Boundless Train

Metro - Chicago

April 2, 1999

First Appeared in The Music Box, May 1999, Volume 6, #5

Written by John Metzger

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It's unusual for a band to command an audience's attention throughout their entire performance. Experienced groups often lose their fans during new material, while new bands generally struggle to maintain their listeners' attention through everything except their radio hits and a few choice cover songs. Train, therefore, is indeed a rarity, if their performance at Chicago's Metro on April 2 is any indication.

On their trek through town six months ago, Train performed at Martyr's, a club that is significantly smaller than Metro. Despite performing at a much larger venue on this tour, the band succeeded in drawing a close-to-capacity crowd. What is truly amazing is that those in attendance hung on every note the group played and sang along not only to the hits, but also to other tunes from the group's self-titled debut album.

There's no doubt that musically Train draws from a well-spring similar to that of the Counting Crows and Blind Melon. Like these bands, Train borrows from a myriad of influences, fusing these together into genre-jumping songs that blend psychedelic and blues-based pop with jazz and folk.

Train clearly centers their sound around the soulful vocal delivery of Patrick Monahan. At the Metro performance, Monahan's singing style added quite an emotional punch to slower selections such as the tender and reflective Blind, and his enthusiastic and charismatic stage presence fueled the group's edgier anthems like their current hit Free. In addition, he added an assortment of instruments to the mix, including saxophone on the thunderous groove of Train, trumpet on the infectious hit-to-be Meet Virginia, and conga drum on the rousing drum solo that connected these two songs.

Guitarist Rob Hotchkiss layered each selection the band performed with a rhythmic acoustic flavor that brought many of the songs back to the band's early days as an acoustic duo in the cafes of San Francisco. On the other side of the stage stood Jimmy Stafford who gave the music texture by contributing resounding electric guitar chords and irresistible hooks. On I Am, he slung both a guitar and a mandolin over his shoulder and switched back and forth between the two throughout the tune.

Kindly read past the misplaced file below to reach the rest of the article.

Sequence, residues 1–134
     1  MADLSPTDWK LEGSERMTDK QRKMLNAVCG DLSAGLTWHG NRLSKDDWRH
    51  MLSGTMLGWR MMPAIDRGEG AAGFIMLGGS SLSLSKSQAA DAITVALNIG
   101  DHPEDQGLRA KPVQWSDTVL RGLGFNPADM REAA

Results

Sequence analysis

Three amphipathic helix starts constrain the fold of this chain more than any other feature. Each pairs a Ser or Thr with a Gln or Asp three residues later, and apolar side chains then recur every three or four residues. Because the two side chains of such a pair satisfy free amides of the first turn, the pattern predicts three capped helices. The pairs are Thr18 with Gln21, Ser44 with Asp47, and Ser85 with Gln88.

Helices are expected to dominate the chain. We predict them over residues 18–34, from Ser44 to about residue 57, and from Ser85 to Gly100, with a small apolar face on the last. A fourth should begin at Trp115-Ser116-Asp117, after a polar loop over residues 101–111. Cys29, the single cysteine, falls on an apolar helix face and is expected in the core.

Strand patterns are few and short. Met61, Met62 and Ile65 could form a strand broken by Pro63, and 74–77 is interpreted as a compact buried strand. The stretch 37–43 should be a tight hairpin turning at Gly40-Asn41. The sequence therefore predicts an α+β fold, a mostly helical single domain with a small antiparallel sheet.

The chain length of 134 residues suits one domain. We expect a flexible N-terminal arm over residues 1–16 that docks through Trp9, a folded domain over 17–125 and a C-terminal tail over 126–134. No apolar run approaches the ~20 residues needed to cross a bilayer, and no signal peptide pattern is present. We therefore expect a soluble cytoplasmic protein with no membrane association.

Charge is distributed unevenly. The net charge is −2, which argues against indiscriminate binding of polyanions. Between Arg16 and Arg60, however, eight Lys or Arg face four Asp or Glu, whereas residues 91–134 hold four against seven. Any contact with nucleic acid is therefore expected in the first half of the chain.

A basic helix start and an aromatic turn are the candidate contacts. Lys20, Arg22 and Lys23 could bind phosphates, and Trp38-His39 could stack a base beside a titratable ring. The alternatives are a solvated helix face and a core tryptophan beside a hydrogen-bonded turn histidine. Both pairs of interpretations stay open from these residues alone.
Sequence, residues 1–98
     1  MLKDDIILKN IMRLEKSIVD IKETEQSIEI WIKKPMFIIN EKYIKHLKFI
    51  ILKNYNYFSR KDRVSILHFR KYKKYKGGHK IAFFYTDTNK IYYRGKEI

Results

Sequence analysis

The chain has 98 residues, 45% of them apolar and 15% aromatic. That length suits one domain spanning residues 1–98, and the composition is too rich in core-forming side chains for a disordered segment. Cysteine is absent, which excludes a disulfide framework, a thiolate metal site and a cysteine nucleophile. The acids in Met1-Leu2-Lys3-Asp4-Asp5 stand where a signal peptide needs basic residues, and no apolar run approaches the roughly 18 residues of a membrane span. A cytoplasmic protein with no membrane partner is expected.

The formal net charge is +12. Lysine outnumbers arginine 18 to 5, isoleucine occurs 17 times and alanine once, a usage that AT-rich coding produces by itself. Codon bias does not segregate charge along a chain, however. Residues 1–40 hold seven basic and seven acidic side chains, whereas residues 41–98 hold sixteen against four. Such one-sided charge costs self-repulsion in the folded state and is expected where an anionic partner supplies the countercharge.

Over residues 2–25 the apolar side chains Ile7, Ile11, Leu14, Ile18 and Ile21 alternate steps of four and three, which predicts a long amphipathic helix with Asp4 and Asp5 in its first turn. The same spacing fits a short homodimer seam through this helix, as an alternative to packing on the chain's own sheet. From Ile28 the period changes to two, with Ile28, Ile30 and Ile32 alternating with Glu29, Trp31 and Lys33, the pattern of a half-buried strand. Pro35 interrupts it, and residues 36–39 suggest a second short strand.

Rounding out the band was the phenomenal rhythm section of bassist Charlie Colin and drummer Scott Underwood. Their presence is somewhat understated on the group's debut album, but these two truly came alive in concert. Colin's bass lines danced methodically around the songs' melodies, and Underwood's percussion yielded raw, unabashed power.

Over the course of their 85-minute set, Train performed their entire debut album (something they amazingly had never done before). In addition, they threw in a trio of new songs and a furious rendition of Led Zeppelin's Ramble On that was filled with far more energy and passion than Robert Plant and Jimmy Page currently could muster. The result was a cohesive performance that combined fluid vocals with boundless energy that at times formed into an intense sonic whirlwind.

Train has no doubt left the station and is moving full steam ahead. This is one band that you'll certainly be hearing much more about in the coming months.

Train is available from Barnes & Noble.
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Copyright 1999 The Music Box